Tour a Coastal Norway Residence Made from Wooden Flooring Scraps

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At first look, Saltviga Home appears to be like like a minimalist, shingled trip residence perched atop a rocky bluff on Norway’s southern coast—however the exterior cladding, and the interiors, too, are a lot extra advanced than it appears. Zoom in and also you’ll see over 20,000 stainless-steel screws and never a single conventional shingle. Every bit of wooden, inside and outside, is definitely leftover German oak from Dinesen‘s flooring manufacturing unit. Sure, the whole home was constructed with scraps.

This spectacular architectural feat is the work of Stockholm-based studio Kolman Boye Architects. Founders Erik Kolman Janouch and Victor Boye Julebäk had beforehand collaborated with the sustainability-minded Danish flooring model, so the duo had a sense they’d be on board. “They’re very eager on utilizing the entire timber of their initiatives,” Erik says of Dinesen. “They wish to use every little thing from the trunk so nothing is wasted. So for them, this was like a godsend. They cherished the thought.”

Convincing the owners of the plan was simple, too, since they got the chance to buy Dinesen’s high-quality supplies for a fraction of the value. And whereas they ended up spending extra on labor to rework discarded wooden into evenly sized items for the facade, they nonetheless got here out on high with a one-of-a-kind, eco-friendly home that’s in concord with its rugged surrounds.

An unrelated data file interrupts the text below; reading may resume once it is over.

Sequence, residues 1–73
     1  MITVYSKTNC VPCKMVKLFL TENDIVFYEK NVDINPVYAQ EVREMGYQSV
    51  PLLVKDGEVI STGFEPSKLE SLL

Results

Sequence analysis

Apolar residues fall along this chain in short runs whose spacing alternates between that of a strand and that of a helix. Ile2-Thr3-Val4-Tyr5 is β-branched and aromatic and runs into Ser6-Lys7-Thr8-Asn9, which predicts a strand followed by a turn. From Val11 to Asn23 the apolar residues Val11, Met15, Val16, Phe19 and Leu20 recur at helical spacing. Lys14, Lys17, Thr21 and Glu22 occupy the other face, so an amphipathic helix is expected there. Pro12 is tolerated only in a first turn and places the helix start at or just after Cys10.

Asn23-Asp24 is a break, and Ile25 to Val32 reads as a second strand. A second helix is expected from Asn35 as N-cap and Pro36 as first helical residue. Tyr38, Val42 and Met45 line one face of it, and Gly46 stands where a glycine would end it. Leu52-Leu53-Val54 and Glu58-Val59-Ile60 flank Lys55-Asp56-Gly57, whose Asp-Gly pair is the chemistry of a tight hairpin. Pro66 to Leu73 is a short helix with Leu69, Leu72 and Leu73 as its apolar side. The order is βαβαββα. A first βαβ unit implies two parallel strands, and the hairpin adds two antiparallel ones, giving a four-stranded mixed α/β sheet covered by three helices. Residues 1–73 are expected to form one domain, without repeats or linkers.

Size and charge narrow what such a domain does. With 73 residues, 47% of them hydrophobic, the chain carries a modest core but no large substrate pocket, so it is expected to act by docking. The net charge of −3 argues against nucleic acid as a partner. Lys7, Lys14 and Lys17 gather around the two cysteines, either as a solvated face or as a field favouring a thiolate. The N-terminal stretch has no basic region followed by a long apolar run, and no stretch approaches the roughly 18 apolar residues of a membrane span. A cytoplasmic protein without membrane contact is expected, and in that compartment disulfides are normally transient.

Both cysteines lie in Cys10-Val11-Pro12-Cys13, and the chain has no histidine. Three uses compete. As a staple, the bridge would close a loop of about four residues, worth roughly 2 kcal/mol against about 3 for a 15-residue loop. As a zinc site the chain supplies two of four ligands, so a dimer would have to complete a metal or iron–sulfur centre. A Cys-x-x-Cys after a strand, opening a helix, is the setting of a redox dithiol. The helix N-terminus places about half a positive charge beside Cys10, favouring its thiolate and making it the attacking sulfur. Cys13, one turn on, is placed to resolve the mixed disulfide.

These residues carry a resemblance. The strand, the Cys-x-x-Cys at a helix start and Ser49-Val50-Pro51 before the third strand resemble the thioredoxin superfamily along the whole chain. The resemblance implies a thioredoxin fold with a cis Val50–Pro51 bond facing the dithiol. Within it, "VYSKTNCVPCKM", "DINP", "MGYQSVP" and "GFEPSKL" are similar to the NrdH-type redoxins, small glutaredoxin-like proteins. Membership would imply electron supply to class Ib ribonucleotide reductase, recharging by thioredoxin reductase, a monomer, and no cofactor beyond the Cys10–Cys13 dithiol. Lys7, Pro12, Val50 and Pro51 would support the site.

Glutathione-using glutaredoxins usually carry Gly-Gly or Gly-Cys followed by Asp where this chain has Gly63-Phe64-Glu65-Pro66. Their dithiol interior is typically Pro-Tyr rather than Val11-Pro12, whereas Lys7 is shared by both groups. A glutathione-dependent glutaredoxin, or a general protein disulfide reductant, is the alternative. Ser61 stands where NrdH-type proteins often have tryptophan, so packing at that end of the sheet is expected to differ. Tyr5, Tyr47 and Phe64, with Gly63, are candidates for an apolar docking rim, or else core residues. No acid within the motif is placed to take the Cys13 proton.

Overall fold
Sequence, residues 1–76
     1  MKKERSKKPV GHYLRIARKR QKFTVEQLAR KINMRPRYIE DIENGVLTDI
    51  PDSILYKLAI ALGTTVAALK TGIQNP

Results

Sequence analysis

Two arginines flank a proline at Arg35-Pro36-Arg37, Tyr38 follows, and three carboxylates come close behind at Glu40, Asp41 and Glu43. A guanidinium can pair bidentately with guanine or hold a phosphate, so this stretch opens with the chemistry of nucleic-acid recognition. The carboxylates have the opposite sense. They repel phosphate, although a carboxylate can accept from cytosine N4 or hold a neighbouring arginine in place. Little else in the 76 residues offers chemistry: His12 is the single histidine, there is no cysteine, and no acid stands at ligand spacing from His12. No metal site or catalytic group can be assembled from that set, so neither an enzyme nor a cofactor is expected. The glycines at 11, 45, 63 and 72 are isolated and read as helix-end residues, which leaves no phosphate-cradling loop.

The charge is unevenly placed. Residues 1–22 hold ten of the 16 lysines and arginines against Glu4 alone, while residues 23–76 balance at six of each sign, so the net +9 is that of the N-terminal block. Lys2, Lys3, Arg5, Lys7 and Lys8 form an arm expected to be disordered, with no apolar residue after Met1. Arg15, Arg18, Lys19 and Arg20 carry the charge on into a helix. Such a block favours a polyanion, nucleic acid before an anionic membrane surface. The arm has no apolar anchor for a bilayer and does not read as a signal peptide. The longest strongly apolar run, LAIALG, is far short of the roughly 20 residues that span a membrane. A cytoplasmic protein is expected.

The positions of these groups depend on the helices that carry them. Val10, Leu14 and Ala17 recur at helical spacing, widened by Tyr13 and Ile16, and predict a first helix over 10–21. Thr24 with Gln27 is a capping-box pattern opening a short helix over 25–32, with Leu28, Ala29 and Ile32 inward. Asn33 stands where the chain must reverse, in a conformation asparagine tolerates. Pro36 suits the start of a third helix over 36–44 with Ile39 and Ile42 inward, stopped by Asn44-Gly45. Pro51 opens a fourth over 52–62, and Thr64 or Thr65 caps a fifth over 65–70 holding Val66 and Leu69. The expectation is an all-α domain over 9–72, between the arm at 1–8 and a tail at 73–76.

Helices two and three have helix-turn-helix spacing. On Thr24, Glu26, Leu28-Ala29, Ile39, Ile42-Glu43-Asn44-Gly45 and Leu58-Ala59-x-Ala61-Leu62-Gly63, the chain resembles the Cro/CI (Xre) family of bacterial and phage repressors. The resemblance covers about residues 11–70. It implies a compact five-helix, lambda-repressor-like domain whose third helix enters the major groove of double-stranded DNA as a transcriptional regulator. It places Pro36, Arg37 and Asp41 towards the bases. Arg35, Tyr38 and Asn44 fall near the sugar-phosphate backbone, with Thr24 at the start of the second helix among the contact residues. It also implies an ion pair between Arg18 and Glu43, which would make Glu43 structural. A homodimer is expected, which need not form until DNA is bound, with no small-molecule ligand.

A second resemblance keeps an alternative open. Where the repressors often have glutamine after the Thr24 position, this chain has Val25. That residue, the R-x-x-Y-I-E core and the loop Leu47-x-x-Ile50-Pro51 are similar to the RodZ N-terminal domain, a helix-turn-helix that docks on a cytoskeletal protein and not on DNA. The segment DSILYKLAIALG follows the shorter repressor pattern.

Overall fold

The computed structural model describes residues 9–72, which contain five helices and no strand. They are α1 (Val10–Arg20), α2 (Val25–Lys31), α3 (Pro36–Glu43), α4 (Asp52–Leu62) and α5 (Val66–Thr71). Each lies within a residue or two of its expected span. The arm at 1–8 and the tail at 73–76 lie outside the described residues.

Let’s take a tour.

Images by Johan Dehlin.

kolman boye architects didn’t want to disrupt the rough, wild lands 14
Above: Kolman Boye Architects didn’t wish to disrupt the tough, wild panorama, in order that they made certain the construction would mix in with the boreal forest. “It’s a hidden home, in a approach,” says Erik. “It disappears properly due to this camouflage facade. It appears to be like so pure and it has the identical shade because the bark of those timber. In the event you go by boat and also you go outdoors, you barely see the home.”

the oak exterior will continue to silver and weather over time, helping it to f 15
Above: The oak exterior will proceed to silver and climate over time, serving to it to additional fade into the surroundings. “The roof has already turned grey, so it kind of appears to be like uniform in shade,” says Erik. “However the facade has so many shades of brown and grey. It’s stunning the way in which it ages. We wouldn’t anticipate that there are such a lot of completely different colours in a bit of oak.”

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